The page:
If you want to keep all of your fond Mighty Morphin Power Rangers memories intact, we recommend that you skip this entry. David Yost, who played the Blue Ranger from ’93-’96 suffered so much harassment on the set, by both cast and crew, that he quit the show altogether. Being a gay man in Hollywood in the ‘90s was vastly different than it is now. Yost was not only closeted and terrified of people discovering the truth, but also suicidal at the near constant name-calling and questions about his sexuality.

After Yost’s departure, he fell into a deep depression, even attempting conversion therapy. Luckily, Yost eventually learned to accept himself for who he is. As for those cast and crew members that were so cruel to him… one producer denies that the abuse ever took place, claiming that Yost quit over a money dispute.


In the case of Community, this behind-the-scenes feud actually did ruin the show. Show creator Dan Harmon and Chevy Chase often fought over the direction of Chase’s character, Pierce Hawthorne. These fights resulted in Chase walking off the set more than once. However, his inability to get along with Chase wasn’t the only reason for Harmon’s firing at the end of season 3. Apparently, he was unreliable at times, often showing up late and once even disappearing completely for days. The self-proclaimed “ninja of alcoholism” struggled with all-nighters that led to him sleeping through workdays.

The problem is that firing Dan Harmon was tantamount to ending the series altogether. Season 4 is widely regarded as awful. Without Harmon, there is no Community. In large part, it was Joel McHale campaigning for his return that got Harmon his job back, but it was also the show’s rabid fan base.

The series ran for two more seasons and finally felt like the show that fans had fallen in love with. Chase left the series before season 4 concluded, but did later return as a guest star.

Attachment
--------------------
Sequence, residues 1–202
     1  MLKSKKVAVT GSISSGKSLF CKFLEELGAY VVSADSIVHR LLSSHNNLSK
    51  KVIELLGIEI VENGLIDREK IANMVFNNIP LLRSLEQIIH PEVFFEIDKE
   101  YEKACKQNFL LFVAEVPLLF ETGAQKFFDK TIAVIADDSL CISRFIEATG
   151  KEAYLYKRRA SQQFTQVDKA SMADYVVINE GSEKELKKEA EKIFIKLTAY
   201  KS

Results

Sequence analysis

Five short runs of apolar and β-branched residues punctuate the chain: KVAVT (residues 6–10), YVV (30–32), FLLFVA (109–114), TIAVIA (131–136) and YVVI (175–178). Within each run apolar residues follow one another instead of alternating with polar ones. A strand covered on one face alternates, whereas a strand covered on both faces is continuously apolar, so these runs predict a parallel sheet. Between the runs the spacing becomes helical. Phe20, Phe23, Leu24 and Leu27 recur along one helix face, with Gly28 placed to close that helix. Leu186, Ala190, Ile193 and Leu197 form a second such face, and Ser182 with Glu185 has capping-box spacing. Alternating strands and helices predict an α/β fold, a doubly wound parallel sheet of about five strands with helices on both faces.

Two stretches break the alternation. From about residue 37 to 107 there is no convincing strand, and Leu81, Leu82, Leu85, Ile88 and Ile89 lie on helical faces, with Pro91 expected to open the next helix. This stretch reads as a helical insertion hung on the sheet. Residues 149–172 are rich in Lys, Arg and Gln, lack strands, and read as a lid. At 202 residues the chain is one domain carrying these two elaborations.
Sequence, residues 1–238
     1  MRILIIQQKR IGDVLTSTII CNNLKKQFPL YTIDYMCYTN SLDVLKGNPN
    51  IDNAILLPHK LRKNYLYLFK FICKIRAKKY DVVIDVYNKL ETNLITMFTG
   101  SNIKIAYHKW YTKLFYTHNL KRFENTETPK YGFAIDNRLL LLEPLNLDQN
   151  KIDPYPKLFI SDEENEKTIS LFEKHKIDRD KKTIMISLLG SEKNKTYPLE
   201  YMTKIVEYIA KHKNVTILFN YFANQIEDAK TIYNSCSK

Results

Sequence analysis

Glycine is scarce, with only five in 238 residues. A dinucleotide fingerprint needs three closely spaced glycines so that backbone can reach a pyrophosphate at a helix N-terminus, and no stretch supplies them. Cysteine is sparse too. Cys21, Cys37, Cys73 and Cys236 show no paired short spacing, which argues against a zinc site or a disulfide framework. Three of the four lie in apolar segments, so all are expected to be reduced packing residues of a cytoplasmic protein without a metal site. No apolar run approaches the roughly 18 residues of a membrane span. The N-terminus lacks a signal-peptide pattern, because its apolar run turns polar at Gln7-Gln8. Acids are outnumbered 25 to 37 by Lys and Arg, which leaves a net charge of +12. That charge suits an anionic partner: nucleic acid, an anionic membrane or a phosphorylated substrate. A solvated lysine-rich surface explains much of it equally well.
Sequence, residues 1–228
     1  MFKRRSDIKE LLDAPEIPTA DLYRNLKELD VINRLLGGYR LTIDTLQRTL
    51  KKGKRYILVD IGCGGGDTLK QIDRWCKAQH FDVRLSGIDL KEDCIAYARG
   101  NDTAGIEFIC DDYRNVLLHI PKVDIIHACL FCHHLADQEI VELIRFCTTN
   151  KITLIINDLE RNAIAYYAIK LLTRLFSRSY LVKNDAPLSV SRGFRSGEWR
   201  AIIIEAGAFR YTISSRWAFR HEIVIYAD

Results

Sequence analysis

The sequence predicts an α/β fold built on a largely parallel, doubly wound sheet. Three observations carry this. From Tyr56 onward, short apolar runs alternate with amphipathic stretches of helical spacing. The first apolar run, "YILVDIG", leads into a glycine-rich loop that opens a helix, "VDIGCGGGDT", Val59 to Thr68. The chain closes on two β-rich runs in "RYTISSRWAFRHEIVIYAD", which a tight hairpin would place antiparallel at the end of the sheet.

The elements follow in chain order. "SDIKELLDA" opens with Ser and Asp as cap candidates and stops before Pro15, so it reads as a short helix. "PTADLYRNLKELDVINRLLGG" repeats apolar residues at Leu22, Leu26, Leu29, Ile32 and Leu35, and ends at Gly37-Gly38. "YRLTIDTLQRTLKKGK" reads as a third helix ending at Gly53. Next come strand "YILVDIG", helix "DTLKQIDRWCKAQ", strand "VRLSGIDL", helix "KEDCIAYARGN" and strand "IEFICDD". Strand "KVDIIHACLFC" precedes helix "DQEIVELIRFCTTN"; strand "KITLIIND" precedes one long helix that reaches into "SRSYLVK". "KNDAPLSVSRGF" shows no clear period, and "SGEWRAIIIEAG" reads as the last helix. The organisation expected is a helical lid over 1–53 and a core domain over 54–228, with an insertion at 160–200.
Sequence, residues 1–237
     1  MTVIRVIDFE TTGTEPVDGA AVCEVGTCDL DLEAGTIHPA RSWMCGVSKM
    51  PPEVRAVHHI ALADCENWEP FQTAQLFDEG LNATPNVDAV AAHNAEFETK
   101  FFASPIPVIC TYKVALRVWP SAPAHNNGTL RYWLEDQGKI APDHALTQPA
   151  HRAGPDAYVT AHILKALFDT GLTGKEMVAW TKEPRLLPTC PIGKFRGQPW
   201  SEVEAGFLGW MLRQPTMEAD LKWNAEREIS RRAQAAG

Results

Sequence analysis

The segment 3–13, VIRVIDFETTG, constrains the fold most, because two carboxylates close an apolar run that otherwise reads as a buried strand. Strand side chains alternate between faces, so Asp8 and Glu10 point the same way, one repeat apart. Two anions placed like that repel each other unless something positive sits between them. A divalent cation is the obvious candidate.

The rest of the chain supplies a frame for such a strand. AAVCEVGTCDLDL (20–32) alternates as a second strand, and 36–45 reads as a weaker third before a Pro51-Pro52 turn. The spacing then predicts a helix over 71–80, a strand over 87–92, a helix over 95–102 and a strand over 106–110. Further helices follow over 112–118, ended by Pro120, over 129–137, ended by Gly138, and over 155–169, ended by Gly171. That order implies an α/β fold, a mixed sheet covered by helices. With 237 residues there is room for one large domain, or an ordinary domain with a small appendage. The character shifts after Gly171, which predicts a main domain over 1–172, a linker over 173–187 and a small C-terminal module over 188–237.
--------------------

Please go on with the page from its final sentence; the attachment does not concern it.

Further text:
Shannen Doherty holds the distinction of being fired from not one, but two popular shows, both of which were executive produced by Aaron Spelling. Beverly Hills, 90210 made Doherty a star as Brenda Walsh, but she was notoriously difficult to work with, regularly arguing with cast and crew. Although she and costar Jennie Garth became friends later in life, they fought constantly on the set.

There are different stories about Doherty’s famous firing during the fourth season. One producer mentioned that she cut her hair halfway through shooting the season finale, throwing off the episode’s continuity and majorly angering her bosses. According to costar Tori Spelling, she called her father and begged him to fire Doherty. Whatever the real reason, Brenda Walsh left the famed zip code, never to return and the series was forever changed.

Spelling gave Doherty a chance to redeem herself on Charmed. Despite being besties with Holly Marie Combs, Doherty and Alyssa Milano could not seem to get along. Not even the actress herself is certain of why she lost her job, although it was rumored that her feud with Milano was to blame. Doherty’s character was killed off at the end of the third season, breaking the hearts of Charmed fans everywhere.